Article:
• Look for High-Efficient Panels: Since triangular solar panels can be quite expensive, don’t waste your money on low-efficient models. Make sure to check the efficiency of the panels before purchasing them
  • Check for Warranties: As mentioned earlier, triangular solar panels usually come with fewer warranties than traditional ones due to the limited information available. However, some companies offer longer warranty periods which can give you some peace of mind
  • Check Compatibility: It’s important to make sure that the panels you choose are compatible with your roof and the rest of your solar system. You should also make sure that they meet local regulations and codes


Does Anyone Make Triangular Solar Panels?

Trienergia is the first manufacturer to offer triangular solar panels with an efficiency of up to 16.4% and a warranty of 12 years.

Can You Get Shaped Solar Panels?

You can get differently shaped solar panels based on your custom requirements.

What Shape Is Best for Solar Panels?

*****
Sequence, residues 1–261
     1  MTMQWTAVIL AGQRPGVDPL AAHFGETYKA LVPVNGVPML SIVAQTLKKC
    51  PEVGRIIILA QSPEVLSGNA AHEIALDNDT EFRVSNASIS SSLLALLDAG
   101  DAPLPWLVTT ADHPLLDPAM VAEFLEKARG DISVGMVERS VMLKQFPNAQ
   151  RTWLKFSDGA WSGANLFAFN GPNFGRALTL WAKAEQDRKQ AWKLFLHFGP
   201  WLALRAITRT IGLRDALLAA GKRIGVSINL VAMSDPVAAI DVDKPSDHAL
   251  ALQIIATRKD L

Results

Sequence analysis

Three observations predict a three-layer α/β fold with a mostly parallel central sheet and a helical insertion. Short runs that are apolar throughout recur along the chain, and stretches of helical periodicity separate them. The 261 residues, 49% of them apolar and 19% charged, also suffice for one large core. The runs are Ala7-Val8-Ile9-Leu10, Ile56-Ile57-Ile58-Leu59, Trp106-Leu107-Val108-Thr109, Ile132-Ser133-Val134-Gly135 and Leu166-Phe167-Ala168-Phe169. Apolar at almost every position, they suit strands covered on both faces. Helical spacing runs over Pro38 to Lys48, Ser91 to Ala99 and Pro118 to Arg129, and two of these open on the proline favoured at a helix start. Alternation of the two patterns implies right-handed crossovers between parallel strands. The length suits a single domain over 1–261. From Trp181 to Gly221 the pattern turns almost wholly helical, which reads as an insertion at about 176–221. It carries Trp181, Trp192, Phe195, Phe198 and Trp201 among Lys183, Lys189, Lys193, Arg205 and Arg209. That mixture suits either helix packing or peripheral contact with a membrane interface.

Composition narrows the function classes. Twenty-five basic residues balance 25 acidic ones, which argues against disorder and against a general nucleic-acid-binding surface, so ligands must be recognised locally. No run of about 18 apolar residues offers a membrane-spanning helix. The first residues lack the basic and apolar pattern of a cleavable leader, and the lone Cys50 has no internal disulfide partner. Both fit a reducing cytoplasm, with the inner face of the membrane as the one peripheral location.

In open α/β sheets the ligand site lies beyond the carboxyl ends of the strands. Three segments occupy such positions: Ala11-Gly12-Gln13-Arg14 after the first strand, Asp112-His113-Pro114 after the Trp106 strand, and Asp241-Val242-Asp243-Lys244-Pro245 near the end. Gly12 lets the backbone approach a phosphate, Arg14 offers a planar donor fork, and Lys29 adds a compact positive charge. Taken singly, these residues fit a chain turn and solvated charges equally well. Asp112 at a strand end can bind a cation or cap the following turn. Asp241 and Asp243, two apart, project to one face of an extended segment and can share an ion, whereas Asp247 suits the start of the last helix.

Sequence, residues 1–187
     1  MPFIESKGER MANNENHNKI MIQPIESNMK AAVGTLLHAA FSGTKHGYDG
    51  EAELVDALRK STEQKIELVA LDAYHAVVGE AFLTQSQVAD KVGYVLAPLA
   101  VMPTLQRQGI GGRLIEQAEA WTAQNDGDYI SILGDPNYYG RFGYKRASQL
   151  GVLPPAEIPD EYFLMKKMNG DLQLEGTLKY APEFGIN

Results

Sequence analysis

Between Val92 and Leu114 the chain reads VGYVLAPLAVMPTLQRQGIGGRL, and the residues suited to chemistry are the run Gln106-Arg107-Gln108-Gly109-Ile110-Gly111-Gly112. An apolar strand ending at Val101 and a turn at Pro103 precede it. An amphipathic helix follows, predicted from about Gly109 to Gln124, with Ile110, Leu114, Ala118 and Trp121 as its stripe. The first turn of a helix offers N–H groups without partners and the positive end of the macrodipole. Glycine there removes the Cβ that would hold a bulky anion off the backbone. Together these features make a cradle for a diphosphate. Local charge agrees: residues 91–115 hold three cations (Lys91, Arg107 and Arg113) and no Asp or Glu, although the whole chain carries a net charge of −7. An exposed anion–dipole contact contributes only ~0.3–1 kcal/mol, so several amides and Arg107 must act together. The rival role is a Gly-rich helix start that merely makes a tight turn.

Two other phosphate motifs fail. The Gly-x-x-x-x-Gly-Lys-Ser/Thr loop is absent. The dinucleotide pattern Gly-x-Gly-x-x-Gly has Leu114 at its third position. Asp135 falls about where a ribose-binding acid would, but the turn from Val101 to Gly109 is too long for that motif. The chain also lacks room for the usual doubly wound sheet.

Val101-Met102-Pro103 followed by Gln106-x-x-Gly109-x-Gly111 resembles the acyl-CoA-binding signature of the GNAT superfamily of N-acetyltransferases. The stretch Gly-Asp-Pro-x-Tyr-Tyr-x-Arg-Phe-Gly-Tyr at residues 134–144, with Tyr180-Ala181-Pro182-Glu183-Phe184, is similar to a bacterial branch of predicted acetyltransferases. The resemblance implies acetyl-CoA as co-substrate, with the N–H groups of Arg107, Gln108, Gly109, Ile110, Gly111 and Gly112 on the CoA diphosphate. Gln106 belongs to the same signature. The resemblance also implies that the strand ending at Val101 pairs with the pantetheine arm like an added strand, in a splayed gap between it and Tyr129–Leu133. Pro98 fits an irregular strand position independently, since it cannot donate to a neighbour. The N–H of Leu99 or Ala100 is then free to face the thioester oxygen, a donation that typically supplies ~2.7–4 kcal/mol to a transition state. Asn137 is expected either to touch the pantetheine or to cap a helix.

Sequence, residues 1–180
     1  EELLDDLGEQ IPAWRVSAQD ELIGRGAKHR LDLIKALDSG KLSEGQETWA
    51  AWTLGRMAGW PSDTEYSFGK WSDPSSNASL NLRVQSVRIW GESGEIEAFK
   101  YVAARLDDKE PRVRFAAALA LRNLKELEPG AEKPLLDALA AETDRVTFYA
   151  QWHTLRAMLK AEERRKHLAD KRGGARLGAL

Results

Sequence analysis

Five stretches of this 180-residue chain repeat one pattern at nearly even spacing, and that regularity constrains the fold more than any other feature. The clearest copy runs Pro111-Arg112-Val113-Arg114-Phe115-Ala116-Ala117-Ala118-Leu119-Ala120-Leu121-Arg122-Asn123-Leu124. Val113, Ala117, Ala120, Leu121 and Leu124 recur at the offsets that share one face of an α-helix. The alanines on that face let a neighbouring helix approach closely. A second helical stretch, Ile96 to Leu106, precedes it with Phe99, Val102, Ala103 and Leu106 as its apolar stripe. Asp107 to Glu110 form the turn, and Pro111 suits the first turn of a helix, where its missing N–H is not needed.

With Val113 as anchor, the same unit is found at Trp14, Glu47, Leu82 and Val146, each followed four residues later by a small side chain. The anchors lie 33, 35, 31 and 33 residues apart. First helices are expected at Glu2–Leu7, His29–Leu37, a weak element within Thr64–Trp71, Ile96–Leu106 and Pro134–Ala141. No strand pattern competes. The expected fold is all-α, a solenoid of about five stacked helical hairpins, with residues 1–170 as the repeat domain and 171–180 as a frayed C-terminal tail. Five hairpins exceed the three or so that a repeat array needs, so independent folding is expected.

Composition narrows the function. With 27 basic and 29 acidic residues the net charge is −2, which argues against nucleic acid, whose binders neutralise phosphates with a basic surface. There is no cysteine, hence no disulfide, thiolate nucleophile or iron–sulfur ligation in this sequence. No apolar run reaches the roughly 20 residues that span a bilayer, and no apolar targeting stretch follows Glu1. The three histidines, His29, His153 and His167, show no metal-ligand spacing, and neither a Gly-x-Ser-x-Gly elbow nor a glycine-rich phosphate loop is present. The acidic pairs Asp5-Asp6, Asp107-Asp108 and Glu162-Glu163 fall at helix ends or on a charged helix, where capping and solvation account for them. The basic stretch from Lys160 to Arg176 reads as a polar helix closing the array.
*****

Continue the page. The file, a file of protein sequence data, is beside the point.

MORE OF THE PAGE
The best shape for solar panels is the one that maximizes the area and thus, increases the efficiency of your solar system.
Rectangular or square-shaped panels are usually better, but if your roof has an unusual shape, then a combination of triangular and regular panels may be a better option.


As promised, we’ve now covered everything you need to know about triangular solar panels. 

We’ve discussed their features, pros and cons, and tips on how to choose the right ones. We’ve also answered some of the most common questions about them.

And if you ask me, I recommend only switching to triangular panels if you have a roof with an unusual shape. Otherwise, rectangular or square-shaped panels are usually the more cost-effective option.

Do you still have questions? If so, don’t hesitate to drop them in the comments and I’ll be more than happy to help out.

Kami Turky

Kami is a solar engineer with nearly a decade of experience in researching, testing, and reviewing various solar products. He has also provided technical consultation to several organizations on the best ways to incorporate solar energy into their operations. When he’s not busy helping others find the best solar solutions, Kami enjoys spending time outdoors, hiking, camping, and exploring the natural wonders of his home state.